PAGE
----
Rocket Lab, a launch service provider based in Long Beach CA, launched a rideshare payload on April 23 from its launch complex in New Zealand. I’ve been tracking that launch because aboard the Electron rocket was an experimental solar sail that NASA is developing to study boom deployment. This is important stuff, because the lightweight materials we need to maximize payload and performance are evolving, and so are boom deployment methods. Hence the Advanced Composite Solar Sail System (ACS3), created to test composites and demonstrate new deployment methods.

The thing about sails is that they are extremely scalable. In fact, it’s remarkable how many different sizes and shapes of sails we’ve discussed in these pages, ranging from Jordin Kare’s ‘nanosails’ to the small sails envisioned by Breakthrough Starshot that are just a couple of meters to the side, and on up to the behemoth imaginings of Robert Forward, designed to take a massive starship with human crew to Barnard’s Star and other targets. Sail strategies thus move from using them as propulsive projectiles (Kare) to full-blown interstellar photon-catchers for high-speed star travel.

With ACS3, we’re at the lower end of the size spectrum and digging into such fundamental matters as composite materials and boom deployment engineering. Entertainingly, the Electron launch vehicle was named ‘Beginning of the Swarm,’ doubtless a nod to the primary payload, which is a South Korean imaging satellite that will be complemented by 10 similar craft in coming years. But I also like to think that ‘swarms’ of small solar sails like the twelve-unit (12U) CubeSat used for ACS3, will eventually offer options not only for near-Earth but also outer system observation and exploration. But first, we have to nail down those tricky deployment issues. Keats Wilkie is ACS3 principal investigator at NASA Langley in Hampton Virginia:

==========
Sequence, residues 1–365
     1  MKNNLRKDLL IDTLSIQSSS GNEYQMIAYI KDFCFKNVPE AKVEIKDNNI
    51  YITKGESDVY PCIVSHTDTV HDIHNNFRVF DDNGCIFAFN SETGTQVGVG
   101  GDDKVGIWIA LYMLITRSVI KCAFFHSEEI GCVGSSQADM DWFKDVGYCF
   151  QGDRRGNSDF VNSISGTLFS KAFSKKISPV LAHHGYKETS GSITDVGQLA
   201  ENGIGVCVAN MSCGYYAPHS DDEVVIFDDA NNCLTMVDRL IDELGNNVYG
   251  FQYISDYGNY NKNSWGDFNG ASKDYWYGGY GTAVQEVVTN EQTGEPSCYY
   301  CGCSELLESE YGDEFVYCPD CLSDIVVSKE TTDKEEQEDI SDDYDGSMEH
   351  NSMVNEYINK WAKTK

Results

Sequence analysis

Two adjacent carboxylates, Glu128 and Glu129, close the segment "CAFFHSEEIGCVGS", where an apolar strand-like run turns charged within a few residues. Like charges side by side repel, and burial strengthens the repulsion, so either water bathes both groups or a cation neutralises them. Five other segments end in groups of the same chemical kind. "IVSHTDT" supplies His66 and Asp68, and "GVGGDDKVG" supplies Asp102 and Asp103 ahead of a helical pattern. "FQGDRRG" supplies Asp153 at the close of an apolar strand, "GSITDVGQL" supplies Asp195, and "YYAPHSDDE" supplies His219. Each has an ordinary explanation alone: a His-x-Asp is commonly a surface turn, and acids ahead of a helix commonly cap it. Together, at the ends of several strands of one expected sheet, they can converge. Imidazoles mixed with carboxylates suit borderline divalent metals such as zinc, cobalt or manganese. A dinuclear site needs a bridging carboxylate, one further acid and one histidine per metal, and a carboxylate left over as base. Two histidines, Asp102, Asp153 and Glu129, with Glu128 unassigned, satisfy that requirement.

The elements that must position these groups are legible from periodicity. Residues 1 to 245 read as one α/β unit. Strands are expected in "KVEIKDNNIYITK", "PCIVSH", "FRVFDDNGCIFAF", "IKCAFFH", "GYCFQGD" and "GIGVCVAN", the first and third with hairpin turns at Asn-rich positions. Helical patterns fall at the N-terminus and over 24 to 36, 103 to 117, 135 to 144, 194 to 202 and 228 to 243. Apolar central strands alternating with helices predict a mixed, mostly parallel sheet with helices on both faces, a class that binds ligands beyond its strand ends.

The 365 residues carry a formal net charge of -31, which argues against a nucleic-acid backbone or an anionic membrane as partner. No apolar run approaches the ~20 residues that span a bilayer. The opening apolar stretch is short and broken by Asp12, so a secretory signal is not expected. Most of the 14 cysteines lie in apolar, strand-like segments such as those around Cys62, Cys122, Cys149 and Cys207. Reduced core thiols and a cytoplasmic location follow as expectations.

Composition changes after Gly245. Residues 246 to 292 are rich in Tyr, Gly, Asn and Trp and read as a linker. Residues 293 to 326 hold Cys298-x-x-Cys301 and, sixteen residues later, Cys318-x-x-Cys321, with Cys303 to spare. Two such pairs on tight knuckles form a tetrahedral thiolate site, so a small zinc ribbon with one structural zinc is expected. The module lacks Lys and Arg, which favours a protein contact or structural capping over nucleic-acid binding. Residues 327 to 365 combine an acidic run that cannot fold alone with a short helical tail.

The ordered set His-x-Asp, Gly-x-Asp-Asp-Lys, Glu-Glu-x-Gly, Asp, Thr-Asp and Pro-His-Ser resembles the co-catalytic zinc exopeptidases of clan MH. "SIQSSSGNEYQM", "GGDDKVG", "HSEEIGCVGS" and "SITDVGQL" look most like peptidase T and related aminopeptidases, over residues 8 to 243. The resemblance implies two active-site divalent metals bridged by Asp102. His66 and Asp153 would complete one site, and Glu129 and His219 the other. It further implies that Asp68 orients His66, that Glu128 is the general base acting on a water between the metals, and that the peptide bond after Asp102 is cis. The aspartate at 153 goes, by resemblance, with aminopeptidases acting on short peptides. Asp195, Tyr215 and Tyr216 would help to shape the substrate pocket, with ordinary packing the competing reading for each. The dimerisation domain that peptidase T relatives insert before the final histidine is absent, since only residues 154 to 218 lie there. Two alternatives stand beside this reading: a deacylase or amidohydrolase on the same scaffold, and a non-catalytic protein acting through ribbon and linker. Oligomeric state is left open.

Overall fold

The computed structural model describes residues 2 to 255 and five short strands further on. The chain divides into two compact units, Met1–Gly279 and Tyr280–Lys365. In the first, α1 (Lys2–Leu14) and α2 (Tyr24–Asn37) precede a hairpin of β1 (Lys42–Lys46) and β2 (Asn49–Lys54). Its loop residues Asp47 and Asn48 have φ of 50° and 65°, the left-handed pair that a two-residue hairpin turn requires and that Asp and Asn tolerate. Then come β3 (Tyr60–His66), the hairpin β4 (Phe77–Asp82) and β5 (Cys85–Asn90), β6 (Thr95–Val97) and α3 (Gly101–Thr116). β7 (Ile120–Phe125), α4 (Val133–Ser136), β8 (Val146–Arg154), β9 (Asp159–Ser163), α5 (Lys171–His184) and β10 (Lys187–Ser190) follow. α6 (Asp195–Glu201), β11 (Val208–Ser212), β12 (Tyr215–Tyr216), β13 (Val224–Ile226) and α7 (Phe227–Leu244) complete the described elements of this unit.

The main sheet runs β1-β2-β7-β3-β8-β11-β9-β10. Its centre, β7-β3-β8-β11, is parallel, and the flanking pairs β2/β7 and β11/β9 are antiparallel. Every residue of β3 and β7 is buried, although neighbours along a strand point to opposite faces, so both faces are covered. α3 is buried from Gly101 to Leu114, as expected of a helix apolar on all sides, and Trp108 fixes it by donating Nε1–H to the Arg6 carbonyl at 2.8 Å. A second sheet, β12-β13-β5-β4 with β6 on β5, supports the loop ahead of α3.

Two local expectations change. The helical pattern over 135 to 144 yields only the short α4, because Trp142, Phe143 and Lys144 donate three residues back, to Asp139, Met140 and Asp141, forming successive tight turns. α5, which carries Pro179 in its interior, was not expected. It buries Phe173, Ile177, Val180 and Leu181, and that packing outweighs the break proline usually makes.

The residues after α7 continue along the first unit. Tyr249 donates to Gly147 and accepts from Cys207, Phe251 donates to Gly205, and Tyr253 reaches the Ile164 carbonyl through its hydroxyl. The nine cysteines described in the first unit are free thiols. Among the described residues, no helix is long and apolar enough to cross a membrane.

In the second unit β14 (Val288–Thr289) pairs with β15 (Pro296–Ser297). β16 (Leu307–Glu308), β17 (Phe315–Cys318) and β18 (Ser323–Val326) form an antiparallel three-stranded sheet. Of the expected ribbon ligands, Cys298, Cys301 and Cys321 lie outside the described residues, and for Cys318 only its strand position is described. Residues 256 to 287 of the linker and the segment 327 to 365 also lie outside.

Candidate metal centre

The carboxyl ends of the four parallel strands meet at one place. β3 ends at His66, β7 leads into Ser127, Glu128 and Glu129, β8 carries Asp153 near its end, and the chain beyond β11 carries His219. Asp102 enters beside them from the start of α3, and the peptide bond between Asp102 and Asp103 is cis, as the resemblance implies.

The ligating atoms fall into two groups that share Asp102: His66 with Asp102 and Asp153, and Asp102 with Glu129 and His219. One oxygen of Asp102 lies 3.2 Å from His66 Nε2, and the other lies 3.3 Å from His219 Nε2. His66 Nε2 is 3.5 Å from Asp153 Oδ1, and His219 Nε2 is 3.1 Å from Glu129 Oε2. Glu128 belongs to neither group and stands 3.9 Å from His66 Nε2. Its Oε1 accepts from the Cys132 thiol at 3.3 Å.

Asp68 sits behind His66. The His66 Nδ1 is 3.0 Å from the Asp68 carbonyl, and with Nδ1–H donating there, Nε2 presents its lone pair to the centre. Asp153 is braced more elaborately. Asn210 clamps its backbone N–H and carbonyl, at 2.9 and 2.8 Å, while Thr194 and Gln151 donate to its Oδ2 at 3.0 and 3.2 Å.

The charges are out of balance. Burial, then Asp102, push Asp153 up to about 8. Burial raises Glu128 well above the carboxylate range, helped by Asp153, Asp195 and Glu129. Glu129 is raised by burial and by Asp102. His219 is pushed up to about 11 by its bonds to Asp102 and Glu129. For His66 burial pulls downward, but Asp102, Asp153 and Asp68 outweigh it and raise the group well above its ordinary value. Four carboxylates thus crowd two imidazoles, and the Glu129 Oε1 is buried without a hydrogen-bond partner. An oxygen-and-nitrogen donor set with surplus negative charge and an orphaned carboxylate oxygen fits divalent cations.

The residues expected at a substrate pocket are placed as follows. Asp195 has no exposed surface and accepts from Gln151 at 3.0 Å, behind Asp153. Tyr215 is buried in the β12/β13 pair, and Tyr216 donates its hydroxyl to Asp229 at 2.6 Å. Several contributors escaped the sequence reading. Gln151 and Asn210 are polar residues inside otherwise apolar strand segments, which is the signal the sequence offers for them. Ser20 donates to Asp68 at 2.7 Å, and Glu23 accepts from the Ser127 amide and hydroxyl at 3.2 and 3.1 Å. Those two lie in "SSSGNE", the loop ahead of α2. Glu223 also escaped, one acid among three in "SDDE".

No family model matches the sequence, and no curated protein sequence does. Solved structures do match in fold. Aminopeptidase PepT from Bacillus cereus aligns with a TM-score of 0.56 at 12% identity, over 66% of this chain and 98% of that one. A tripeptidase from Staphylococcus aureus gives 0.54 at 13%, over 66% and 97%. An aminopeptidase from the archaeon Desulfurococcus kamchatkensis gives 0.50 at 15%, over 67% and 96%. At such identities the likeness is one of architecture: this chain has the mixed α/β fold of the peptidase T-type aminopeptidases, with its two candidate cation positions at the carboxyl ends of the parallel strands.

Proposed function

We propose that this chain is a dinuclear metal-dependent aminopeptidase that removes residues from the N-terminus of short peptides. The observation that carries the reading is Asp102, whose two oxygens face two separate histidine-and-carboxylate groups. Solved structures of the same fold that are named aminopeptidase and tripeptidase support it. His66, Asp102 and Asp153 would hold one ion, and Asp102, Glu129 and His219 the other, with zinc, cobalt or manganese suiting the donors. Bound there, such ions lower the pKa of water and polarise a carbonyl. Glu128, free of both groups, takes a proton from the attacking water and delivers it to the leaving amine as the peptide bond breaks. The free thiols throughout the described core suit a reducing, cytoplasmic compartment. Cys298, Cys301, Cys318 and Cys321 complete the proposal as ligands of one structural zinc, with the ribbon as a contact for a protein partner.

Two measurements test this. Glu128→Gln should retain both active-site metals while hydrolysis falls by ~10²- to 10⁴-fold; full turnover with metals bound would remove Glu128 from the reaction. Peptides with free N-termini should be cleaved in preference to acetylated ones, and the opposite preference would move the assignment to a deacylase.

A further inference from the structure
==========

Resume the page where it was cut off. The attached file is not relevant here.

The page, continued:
“Booms have tended to be either heavy and metallic or made of lightweight composite with a bulky design – neither of which work well for today’s small spacecraft. Solar sails need very large, stable, and lightweight booms that can fold down compactly. This sail’s booms are tube-shaped and can be squashed flat and rolled like a tape measure into a small package while offering all the advantages of composite materials, like less bending and flexing during temperature changes.”

Image: On 24 April 2024, Rocket Lab launched the ACS3 & NeonSat-1 missions from Onenui Station (Mahia Peninsula), New Zealand. In this image, engineers at NASA’s Langley Research Center test deployment of the Advanced Composite Solar Sail System’s solar sail. The unfurled solar sail is approximately 30 feet (about 9 meters) on a side. Credit: NASA Ames.

ACS3 reached its final orbit a little less than two hours after liftoff, after earlier deployment of the South Korean NEONSAT-1 via a kick stage that changed orbit for the second of the deployments. The craft is now roughly 1000 kilometers up, and if everything goes well, full deployment of the composite booms spanning the diagonals of the sail will give us an 80 square meter sail as bright as Sirius in the night sky. Digital cameras onboard should provide imagery of the sail before and during deployment. No signs of sail deployment yet but the satellite is being observed at numerous sites.

The polymer from which the composite booms are made is reinforced with carbon fiber and flexible enough to allow it to be rolled for compact storage. According to Alan Rhodes, lead systems engineer for the mission at NASA Ames, seven meters of deployable booms can roll up into a shape that fits into the hand. Note too that these booms are 75 percent lighter than previous metallic deployable booms and should experience far less in-space thermal distortion during flight. A new tape-spool boom extraction system is being tested which will, engineers hope, minimize the possibility of the coiled booms jamming during the deployment. We shall see.

Animation: Deployment of the ACS3 sail. Credit: NASA Ames.

We’re getting pretty good at miniaturization, as shown by the fact that the 12-unit CubeSat carrying ACS3 into orbit measures roughly 23 centimeters by 34 centimeters, which makes it about the size of the microwave oven sitting on my kitchen counter. Refining the material and structure of the booms is another step toward lower-cost missions which we can eventually hope to deploy in networked swarms. Imagine a constellation of exploratory craft to targets like the ice giants. Larger sails using these technologies may eventually fly the kind of ‘sundiver’ missions we’ve often discussed here, deploying at perihelion for maximum thrust to deep space.